Blog Archives

Where in the world am I?

Hi Folks–

Yes, yes, I know I never quite ended the Open Letter to Marc Maron, but I just couldn’t figure out an appropriate way to say good-bye… so let’s just stick an ellipsis on that puppy for now with a heartfelt To Be Continued….

The blog will continue to be on hiatus through the end of April because I’m participating in the Found Poetry Review’s #PoMoSco challenge, which basically is poets from around the world trying to earn badges by doing things like creating erasure poems using an online redaction tool or channeling our inner Tristan Tzaras and choosing words out of a paper bag randomly to create a poem and using something called a haiku discombobulator! If you want to follow my progress, you can find my work here. (Also check out some of the other poets; they’re making some ah-ma-zing work!) I don’t think I’ll be able to earn all 30 badges but I hope to get darned close!

Finally, I haven’t yet added it to the publication page, but I had a lovely start to National Poetry Month with a poem published in Open Letters Monthly. Check that out here.

Sooo, how are you all celebrating National Poetry Month (and Jazz Appreciation Month)? Inquiring minds want to know…

See ya soon,

P.

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From the Archives: The Painter’s Small Wife

It’s hard to believe that this poem is more than a decade old. I wrote it during my fellowship time at the Fine Arts Work Center. I’d always enjoyed going to museums but this was the first time I’d ever lived among visual artists, visited their studios, engaged with art work outside of a museum or gallery space. It was the beginning of my long conversation with visual work, although I didn’t know then that I’d get to the point where I’d hear poems speaking to me the minute I walked into a museum show. But that’s another post for another time….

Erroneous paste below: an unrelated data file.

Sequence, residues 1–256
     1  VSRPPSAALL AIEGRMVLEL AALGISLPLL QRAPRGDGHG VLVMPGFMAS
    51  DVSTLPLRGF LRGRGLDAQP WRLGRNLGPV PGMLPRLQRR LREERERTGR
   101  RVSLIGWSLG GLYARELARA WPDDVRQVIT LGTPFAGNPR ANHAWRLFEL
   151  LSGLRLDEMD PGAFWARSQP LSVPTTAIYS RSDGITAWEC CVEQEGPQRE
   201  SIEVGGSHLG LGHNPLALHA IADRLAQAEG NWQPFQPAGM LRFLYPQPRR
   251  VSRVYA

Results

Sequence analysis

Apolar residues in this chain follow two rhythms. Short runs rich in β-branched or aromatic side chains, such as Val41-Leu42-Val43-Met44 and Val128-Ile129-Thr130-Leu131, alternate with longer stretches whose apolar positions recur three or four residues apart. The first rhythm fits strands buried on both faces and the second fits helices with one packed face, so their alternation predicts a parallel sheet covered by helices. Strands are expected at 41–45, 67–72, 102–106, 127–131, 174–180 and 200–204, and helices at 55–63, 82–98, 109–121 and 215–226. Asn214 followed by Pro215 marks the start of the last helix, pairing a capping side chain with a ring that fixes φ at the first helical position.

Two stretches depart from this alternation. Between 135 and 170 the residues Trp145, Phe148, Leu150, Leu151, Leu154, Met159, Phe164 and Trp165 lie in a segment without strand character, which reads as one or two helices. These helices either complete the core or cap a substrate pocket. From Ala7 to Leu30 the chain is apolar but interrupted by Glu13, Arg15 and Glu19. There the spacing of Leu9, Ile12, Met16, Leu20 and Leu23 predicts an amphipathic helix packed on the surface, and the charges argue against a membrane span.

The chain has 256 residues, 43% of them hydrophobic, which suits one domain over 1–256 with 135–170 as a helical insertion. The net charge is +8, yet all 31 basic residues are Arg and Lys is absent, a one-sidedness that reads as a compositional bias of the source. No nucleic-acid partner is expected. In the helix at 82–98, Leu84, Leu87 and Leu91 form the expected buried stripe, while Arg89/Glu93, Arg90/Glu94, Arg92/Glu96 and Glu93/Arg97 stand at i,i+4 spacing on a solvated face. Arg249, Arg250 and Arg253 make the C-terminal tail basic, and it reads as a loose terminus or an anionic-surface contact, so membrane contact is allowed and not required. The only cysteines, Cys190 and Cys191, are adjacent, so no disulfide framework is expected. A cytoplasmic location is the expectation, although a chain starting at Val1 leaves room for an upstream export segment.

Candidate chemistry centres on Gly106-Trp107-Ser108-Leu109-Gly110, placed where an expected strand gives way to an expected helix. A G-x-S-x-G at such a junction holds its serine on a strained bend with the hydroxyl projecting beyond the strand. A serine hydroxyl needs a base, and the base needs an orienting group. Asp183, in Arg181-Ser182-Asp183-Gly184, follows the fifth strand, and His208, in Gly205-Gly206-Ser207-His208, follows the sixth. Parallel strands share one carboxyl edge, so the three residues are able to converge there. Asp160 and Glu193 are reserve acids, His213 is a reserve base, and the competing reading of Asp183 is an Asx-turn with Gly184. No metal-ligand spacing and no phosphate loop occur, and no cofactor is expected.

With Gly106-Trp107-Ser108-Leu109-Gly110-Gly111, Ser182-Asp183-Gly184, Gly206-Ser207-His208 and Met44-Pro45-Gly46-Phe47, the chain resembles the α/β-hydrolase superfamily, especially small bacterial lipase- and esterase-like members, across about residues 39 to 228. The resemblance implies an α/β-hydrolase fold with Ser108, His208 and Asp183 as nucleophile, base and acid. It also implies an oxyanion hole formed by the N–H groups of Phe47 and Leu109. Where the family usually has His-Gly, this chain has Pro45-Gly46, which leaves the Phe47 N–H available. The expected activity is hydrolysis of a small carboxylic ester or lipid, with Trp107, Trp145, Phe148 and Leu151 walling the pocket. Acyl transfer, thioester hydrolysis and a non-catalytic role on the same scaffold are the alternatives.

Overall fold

As I re-read the poem now, I realize that it captures some of my discomfort in my late 20s/early 30s at being an “artist,” of having a way of looking that was different than most of my friends. It’s taken me a long time to appreciate the way my brain works, and to know that there are people who appreciate my brain precisely because of my way of looking.

Oh, I should mention that as I remember Ellen’s painting, it was a gorgeous close-up of a tree trunk in a forest of trees.

“The Painter’s Small Wife”

(after an untitled painting by Ellen Altfest)

Yes, I said, I’m really looking,
not looking, wanting

nothing to remain
of the moment, nothing

to shred into something.
I wondered how

you saw it like that,
close-up of plates—

blue, white, yellow, pink—
that were the bark.

I saw that it was muddy.
And maybe there were three trees.

Your brushes, relentless,
drowned out everything.

Here, I wanted to say,
here I am,

blocking your light.
You painted the shadows,

admitting nothing.
I’m not sure if I hated you

then, or after.
Everything to me

simply brown or green.

Sometimes in April it rains poems

Tulips

For April—National Poetry Month—I’m trying my darnedest to write a poem each day. I don’t plan to post them here; the poor darlings will be too newborn to be out in the world any time soon. I did, however, want to share the draft I wrote today as it was a direct result of the “ecstasy of looking” I wrote about here. (And it’s also part of the Love Poems series I’ve been working on since last November. At least, I think it is…)

Poem Left in His Pocket on a Page Torn from a Book

I admit you still feel strange to me
in the most ordinary of ways:

how, for example, you look at me
as if I were enough or

how when I put the white tulips you sent
on the kitchen window sill and wait

for the sturdy light of morning
each yellow heart glows

and still, I do not weep.

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